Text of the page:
||CB&Q 2-6-2 Class R-4 1950
||Chicago Burlington & Quincy Railroad 2-6-2 Class R-4 1950 presumed at Dunkirk, New York sometime in January 1905, photograph by the Brooks Locomotive Works, Chuck Zeiler collection. The Brooks Works (which became part of the American Locomotive Company in 1901) built 50 class R-4 2-6-2's for the CB&Q during 1905, numbered 1940-1989. They were of a similar design as the Baldwin-built R-4's completed in 1904 (#'s 1900-1939), and an additional 50 were built by Baldwin during 1906 (#'s 2000-2049) The total engine weight of the R-4 Prairies was 208,550 pounds, their operating steam pressure was 210 psi, and they exerted a tractive force of 35,000 pounds. The boilers were of the straight-top design, but in place of the Belpaire-type firebox used on the preceding classes, ones of radial-stay construction were used. The 12 inch piston-type valves were of the inboard type and were actuated by Stephenson link motion. The cylinder arrangement was similar to the P-2 Atlantics. Although the piston rods were extended forward of the cylinders (for additional bearing support) on the first Baldwin-built class R-4 engines, this was later modified and the extended portion was removed. Some of the R-4 locomotives had 22 inch by 28 inch cylinders, and others were equipped with cylinders of 25 inch bore. The operating steam pressure was reduced to compensate for the increase in cylinder diameter. By the end of 1925, 14 of the R-4 Prairies were rebuilt with new cylinders of 25 inch by 28 inch and Walschaerts valve gear was applied to them. These engines were re-classed R-4A. A number of R-4 locomotives were rebuilt to G-10 switchers. The locomotive pictured was rebuilt to G-10 number 560 during December 1928, retired and sold for scrap in November 1953. During World War II when the Southern Pacific Railroad became short of motive power, several of the R-4 engines were leased by that road and sent to the West Coast where they performed yard and branch line duties.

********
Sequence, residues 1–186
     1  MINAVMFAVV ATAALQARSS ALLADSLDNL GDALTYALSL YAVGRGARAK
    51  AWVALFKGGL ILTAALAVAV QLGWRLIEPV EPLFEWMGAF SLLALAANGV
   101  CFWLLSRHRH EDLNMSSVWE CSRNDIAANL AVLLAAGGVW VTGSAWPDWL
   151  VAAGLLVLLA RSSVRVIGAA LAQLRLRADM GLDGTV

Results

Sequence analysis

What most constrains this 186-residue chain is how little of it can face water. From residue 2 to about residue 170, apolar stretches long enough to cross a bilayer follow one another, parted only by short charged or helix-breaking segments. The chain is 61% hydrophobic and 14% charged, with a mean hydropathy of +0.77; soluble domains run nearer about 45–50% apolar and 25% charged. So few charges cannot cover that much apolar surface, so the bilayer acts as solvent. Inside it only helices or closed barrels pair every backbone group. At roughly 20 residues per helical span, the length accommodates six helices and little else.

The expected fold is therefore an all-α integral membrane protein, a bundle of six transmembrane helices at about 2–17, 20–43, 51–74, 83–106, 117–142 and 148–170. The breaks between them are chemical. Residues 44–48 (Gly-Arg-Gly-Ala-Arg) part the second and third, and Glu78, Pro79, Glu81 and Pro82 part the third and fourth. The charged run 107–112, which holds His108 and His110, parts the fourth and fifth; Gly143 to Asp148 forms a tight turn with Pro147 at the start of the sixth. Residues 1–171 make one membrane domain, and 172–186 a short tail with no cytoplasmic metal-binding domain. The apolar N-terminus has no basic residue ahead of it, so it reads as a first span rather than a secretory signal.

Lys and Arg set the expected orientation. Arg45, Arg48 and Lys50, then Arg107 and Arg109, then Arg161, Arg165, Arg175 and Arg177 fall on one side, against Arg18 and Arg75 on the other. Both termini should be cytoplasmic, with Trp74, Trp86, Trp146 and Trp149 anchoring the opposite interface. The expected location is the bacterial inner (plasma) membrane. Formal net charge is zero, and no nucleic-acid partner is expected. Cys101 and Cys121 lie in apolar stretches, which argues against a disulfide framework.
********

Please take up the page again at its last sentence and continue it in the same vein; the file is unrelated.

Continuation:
||1/1/1905 Upload Date: 6/24/2010 4:23:42 PM
||Brooks Locomotive Works
||1000 Comments: 1